Tuesday, January 22, 2019

Before There Were Numbers


Someone, sometime, 

saw things,
and called them things,
just things,
flowers were flowers,
birds were birds,
people were people,
the sun rose
and set, the moon too, 
the day was the day,
a cold day was cold,
a hot day hot,
and no one said things like
age is just a number
and no one looked their age,
or didn't,
and no one ever told anyone else 
to act their age.
No one was ever late
for an appointment, 
to the consternation of some
and the relief of others,
the trains always ran on time,
or not,
if there were trains, that is,
and as for a job, well that was something
you did because you wanted to, 
or maybe had to,
stuff was produced, a service rendered, 
it was all like art
for art's sake,
not a measure of value, 
because no one asked themselves "how much?"
or thought about having more 
or less
than anyone else,
there was no rich
or poor,
no jealousy
or shame,
and we saw in each other
the endless
the infinite
the present
until the counting began.

Wednesday, October 24, 2018

 Mount-Royal Cemetery, Section L 
(250 meters from the south gate off Rembrance Road/ Camilien Houde Dr.) 

Spanish and Portugese Synagogue Cemetery, lower Mount-Royal, Outremont entrance, left of the front gate, about ten rows back.

 Shaar Hashomayim Synagogue, lower Mount-Royal, Outremont entrance, right near the front. 

Friday, October 19, 2018

Eichmann in a Box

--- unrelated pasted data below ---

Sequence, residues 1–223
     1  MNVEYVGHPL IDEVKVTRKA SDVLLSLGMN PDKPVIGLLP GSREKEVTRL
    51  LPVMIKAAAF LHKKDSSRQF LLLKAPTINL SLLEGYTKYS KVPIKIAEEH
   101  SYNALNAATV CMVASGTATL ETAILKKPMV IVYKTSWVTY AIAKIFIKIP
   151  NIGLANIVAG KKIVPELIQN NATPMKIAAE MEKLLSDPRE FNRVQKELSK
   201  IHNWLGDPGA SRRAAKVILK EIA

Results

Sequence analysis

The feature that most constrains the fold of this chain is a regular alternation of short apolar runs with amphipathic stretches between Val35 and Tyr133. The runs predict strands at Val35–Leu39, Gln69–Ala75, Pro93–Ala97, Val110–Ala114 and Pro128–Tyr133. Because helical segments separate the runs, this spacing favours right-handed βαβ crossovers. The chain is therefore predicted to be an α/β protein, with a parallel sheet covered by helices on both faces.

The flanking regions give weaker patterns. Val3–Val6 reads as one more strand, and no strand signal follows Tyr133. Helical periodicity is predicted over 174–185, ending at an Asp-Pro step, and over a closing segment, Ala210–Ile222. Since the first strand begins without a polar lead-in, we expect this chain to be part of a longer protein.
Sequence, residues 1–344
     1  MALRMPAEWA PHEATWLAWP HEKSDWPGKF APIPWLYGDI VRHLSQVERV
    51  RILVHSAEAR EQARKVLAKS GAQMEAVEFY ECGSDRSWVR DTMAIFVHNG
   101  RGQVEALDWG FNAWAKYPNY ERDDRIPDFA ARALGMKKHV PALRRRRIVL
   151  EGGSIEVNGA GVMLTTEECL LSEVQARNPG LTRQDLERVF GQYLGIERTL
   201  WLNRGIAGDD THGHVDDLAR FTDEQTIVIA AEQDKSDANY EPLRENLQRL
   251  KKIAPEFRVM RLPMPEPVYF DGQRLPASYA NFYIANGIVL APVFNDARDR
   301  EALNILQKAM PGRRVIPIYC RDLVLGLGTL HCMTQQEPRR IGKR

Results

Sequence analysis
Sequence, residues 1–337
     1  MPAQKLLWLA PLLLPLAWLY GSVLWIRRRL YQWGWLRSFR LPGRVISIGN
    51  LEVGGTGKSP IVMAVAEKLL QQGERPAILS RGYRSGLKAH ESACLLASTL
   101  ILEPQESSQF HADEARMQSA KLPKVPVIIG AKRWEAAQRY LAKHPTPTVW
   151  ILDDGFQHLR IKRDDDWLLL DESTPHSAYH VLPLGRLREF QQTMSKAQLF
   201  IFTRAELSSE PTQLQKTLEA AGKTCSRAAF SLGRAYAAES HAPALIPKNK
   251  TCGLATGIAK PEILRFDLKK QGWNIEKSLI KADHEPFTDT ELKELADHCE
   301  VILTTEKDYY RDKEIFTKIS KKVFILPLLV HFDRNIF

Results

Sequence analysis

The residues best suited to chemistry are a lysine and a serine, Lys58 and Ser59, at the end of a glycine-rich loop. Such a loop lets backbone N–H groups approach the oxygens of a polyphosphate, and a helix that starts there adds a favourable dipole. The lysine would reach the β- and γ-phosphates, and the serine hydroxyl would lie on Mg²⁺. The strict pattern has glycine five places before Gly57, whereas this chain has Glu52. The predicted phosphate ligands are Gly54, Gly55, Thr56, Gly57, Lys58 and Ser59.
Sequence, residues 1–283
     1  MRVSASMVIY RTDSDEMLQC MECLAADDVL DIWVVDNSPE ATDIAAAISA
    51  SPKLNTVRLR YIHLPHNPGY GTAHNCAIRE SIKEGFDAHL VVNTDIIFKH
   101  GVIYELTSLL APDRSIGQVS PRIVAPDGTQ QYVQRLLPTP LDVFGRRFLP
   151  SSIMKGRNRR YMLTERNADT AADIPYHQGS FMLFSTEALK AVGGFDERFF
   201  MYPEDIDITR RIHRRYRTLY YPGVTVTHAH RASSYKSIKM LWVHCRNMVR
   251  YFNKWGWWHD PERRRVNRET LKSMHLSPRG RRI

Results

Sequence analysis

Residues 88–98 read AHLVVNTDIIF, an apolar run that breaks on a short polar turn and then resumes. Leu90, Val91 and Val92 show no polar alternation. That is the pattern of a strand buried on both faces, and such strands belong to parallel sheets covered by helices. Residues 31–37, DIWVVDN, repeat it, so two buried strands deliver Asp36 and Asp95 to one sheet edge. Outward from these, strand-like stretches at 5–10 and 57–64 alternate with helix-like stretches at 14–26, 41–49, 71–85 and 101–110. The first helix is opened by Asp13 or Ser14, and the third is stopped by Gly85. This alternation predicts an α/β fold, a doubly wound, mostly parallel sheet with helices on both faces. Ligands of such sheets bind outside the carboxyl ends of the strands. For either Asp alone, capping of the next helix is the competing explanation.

Watched the film Operation Finale the other night. Mediocre movie in just about all aspects with the exception of Ben Kingsley's performance as Adolph Eichmann which is chillingly riveting in an Anthony Hopkins' as Hannibal Lecter kind of way. What we know of Eichmann's character is only what we can discern from his Jerusalem trial: the bespectacled, bookish-looking, headphone-wearing person standing in the bullet-proof glass box. He looks like an accountant or a bureaucrat, stoically convinced that he was 'just following orders' as Hannah Arendt says. But Ben Kingsley's version of Eichmann is far less banal. Since the movie is about the capture of Eichmann, Kingsley's portrayal begins with his domestic life in Argentina and shows a paranoid man with secrets; a sinister, clever, cold, calculating individual with psychopathic tendencies simmering just below the surface. Watching Operation Finale was preceded coincidentally a few days before by watching a documentary on TV called "Scrapbook from Hell: The Auschwitz Album" about a relatively recently discovered album of photographs that belonged to SS officer Klaus Hoecker who was at the most notorious death camp of all during the period in 1944 when the murder factory was in highest gear as the liquidation of Hungarian Jews was in full swing. The album is shocking for its banality - page after page of SS officers drinking, smiling, socializing together with family, friends and colleagues, after a long day of working the gas chambers and crematoria. It's truly sickening. So in this week of thinking about the true nature of evil and the unredeemable acts of unrepentant men, and in particular people like Eichmann and Hoecker - who was convicted of aiding and abetting over 1,000 murders at Auschwitz, but because he could not be conclusively identified on the selection ramp, in a travesty of justice, was sentenced to a mere 7 years in 1965, and in 1970 returned to normal life as a bank clerk where he worked until retirement - I have been imagining what would have been a more fitting  punishment for them and people like them. Death by hanging was too good for Eichmann. Life in prison would've also been too easy. Surely there is another more innovative and appropriate method, a truly hellish prison to which Eichmann could be committed. I would have injected Eichmann with a serum that would paralyze him permanently from the eyes down. Render him unable to do anything but blink, like the so-called locked-in syndrome that tragically afflicts some people who've suffered strokes. Then I would hook Eichmann him up to machines that ensured he is nourished and cleaned regularly for as long as his natural (and perhaps unnatural) life permits. He would continue to live with awareness and consciousness but without possibility of interaction that would offer any type of enjoyment, pleasure or satisfaction. And then I would put him in a bullet proof glass box, maybe the same one that was used during his Jerusalem trial, and display him in a public venue in Israel, so that the people (and by people I mean the entire nation) he victimized could come to see him. I imagine school children learning about the Holocaust coming by the busloads, their teachers pointing him out, saying this is what we mean when we say 'evil', look how ordinary he is, how harmless he looks, this was the unrepentant architect of an attempted genocide, one of the most despicable people who ever lived. I imagine Holocaust survivors and their children and grandchildren spitting at him, cursing him, laughing at him, teasing him, crying in his face as they show him photos of the loved ones he and his crew murdered. I imagine ordinary people gawking at him in disgust. Day in and day out people would come and stare at Eichmann in his box, and he would have to listen to their pain and suffering, for eternity.